Ultra-high density & high temperature / strength stability
- Very high density of 19.3 gm/cc
- Radiopaque to x-rays and other radiation
- High strength at extreme high temperatures (vacuum)
- Excellent corrosion resistance
- Mechanical properties of tungsten nuts
- Tungsten material datasheet
Tungsten nuts are known for their extreme high density; because of this unique attribute, they are often used for balancing rotating parts. Tungsten’s high mass also makes these nuts radiopaque. This allows tungsten nuts to block radiation and show up well on x-rays – even better than lead. Another unique attribute of tungsten is its extrmely high melting point of 3420°C. The high temperature stability of tungsten nuts make them ideal for some of the hottest vacuum furnace environments. Beyond their high mass and temperature stability, tungsten nuts are also very corrosion resistant.
Tungsten lock nuts are usually made from tungsten alloys per ASTM B777, and range from 90% to 97% pure tungsten, alloyed with nickel and copper or nickel and iron. Fasteners can also be made from Commercially Pure (CP) Tungsten.
- The aerospace industry depends on the tungsten nuts for their combination of high density and mechanical strength which allows them to reduce the physical size of components, offering greater control of weight distribution for propellers, inertial systems and fluid control systems to name a few.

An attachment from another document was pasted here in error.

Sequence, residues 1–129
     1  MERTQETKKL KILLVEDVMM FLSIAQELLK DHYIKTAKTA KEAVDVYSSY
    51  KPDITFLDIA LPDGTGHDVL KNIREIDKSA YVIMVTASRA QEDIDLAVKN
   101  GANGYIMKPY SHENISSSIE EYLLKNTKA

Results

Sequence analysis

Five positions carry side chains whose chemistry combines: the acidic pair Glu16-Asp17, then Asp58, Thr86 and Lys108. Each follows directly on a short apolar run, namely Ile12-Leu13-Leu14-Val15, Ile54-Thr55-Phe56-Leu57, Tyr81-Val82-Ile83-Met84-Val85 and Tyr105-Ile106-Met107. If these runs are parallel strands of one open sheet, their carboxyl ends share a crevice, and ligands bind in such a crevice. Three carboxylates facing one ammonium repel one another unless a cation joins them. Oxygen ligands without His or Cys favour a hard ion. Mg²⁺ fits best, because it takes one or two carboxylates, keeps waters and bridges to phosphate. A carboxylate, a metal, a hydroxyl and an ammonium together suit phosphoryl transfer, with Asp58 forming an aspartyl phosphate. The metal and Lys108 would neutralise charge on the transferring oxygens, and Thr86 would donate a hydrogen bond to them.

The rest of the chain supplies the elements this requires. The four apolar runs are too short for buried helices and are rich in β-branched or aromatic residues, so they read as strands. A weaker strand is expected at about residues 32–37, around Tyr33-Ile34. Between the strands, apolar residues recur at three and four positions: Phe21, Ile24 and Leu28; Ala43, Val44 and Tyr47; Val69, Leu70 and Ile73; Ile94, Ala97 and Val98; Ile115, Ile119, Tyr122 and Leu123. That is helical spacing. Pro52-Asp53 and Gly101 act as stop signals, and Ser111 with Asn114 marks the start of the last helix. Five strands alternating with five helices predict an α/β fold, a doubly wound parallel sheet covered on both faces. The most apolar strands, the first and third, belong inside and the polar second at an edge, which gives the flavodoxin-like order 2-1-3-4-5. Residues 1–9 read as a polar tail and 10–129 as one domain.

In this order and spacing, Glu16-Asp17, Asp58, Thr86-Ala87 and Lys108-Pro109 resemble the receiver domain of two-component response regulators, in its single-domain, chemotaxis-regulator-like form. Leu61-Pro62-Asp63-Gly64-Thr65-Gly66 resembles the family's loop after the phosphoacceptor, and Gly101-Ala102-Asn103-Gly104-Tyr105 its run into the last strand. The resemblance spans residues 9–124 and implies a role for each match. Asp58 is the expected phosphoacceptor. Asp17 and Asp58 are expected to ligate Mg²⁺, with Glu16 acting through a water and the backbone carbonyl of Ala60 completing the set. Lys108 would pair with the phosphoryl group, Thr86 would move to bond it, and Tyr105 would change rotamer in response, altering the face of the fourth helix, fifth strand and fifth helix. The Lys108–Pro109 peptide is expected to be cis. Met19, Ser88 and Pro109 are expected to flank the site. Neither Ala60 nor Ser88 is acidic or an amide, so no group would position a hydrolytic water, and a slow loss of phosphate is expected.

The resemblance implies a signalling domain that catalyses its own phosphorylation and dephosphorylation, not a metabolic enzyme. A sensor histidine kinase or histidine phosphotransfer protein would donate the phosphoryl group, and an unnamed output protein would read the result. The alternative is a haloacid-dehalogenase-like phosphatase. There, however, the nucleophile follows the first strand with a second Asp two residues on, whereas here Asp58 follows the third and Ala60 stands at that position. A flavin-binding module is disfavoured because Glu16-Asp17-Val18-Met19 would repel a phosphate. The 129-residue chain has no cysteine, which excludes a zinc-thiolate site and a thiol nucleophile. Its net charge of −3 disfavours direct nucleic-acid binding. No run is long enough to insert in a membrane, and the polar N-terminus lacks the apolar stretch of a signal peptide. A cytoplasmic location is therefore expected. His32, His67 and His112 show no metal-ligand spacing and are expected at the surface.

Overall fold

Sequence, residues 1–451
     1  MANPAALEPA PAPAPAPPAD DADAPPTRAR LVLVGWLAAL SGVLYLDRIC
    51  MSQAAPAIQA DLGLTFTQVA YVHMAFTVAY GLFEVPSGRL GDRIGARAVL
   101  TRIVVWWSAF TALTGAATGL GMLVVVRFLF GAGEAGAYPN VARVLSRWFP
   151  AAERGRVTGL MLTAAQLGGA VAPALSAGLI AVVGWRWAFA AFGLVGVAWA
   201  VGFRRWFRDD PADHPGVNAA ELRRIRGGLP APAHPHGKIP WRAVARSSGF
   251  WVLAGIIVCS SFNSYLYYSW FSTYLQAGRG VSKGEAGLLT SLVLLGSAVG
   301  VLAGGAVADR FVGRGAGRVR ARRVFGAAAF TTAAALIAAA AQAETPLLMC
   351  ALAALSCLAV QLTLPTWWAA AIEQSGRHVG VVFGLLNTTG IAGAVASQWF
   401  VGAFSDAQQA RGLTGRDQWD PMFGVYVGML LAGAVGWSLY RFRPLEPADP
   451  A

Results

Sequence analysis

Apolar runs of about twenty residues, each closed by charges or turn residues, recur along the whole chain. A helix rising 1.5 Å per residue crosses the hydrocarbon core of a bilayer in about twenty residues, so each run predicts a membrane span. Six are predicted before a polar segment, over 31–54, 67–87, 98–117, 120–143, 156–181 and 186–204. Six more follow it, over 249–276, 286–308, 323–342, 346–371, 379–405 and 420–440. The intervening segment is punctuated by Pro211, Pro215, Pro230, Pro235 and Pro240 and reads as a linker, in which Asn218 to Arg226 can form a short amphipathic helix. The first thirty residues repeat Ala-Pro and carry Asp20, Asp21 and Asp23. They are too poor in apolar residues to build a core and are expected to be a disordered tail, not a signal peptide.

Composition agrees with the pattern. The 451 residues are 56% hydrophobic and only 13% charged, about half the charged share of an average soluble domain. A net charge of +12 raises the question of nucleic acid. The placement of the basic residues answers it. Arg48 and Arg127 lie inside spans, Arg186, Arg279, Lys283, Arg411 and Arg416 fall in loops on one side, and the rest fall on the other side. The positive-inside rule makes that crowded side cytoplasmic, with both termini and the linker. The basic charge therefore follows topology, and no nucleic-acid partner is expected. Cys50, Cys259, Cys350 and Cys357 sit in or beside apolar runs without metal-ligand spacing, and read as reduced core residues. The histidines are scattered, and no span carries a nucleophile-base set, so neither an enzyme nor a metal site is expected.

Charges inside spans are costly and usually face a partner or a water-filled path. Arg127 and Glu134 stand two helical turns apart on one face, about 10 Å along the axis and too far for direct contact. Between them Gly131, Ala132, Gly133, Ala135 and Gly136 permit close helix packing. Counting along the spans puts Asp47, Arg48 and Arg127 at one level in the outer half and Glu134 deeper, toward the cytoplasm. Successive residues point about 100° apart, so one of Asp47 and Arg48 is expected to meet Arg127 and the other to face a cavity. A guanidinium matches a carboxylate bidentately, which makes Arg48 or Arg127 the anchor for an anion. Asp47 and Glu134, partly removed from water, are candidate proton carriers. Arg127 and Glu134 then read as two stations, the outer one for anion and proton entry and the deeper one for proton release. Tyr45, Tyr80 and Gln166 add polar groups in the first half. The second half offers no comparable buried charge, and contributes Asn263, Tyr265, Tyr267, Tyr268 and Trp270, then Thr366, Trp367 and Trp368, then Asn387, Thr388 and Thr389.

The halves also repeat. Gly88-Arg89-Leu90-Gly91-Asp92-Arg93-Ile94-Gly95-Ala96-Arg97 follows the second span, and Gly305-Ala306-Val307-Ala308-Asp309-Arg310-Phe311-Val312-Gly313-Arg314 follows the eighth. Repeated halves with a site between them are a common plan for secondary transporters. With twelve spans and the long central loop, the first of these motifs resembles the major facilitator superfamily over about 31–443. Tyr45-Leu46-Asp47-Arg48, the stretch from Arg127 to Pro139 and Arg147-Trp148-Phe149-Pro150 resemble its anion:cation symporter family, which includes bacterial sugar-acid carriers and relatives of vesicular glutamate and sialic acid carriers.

- The heat treating / furnace industry uses tungsten nuts in high temperature vacuum furnaces due to tungstens great high temperature strength & stability.
- The oil & gas industry uses tungsten nuts for radiation shielding properties to protect equipment used in oil and gas detection, as well as down hole logging for density and ability to withstand intense hydrostatic pressure
- Tungsten nuts also play a role in the medical community for their low magnetic properties as well as their radiopaque properties.
Resources: Tungsten Torque Specs
Tungsten Nuts: Hex Nuts
A tungsten locknut resists loosening from vibrations and torque. One of the most common styles is a prevailing torque locknut. This kind of tungsten locknut has a prevailing torque feature which deforms elastically, preventing it from freely spinning like a standard nut.
The two most common and reliable forms of prevailing torque locknuts are the flexloc style and the polymer insert lock nut. A tungsten flexloc nut is all-metal in composition with a segmented collar that creates six “locking fingers,” that act as a spring. Tungsten polymer insert lock nuts are often referred to as nylon insert locknuts, although various high performance polymers can be used for the screw threads to “bite into.” Both flexlock and polymer insert locknuts are available in both hexagonal and 12 point configurations.
|All Metal Flexloc Lock Nut||Polymer/Nylon Insert Lock Nut|
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Other all metal lock nuts available include the tungsten stover and elliptical styles. Though these styles are often a cheaper initial cost, they are less reliable than the flexloc style. As these styles delivering less prevailing torque cycles and often result in more failures, the flexloc style is a better investment for both reliability and cost savings.
Tungsten Specifications: ASTM B777, Mil Spec T-21014D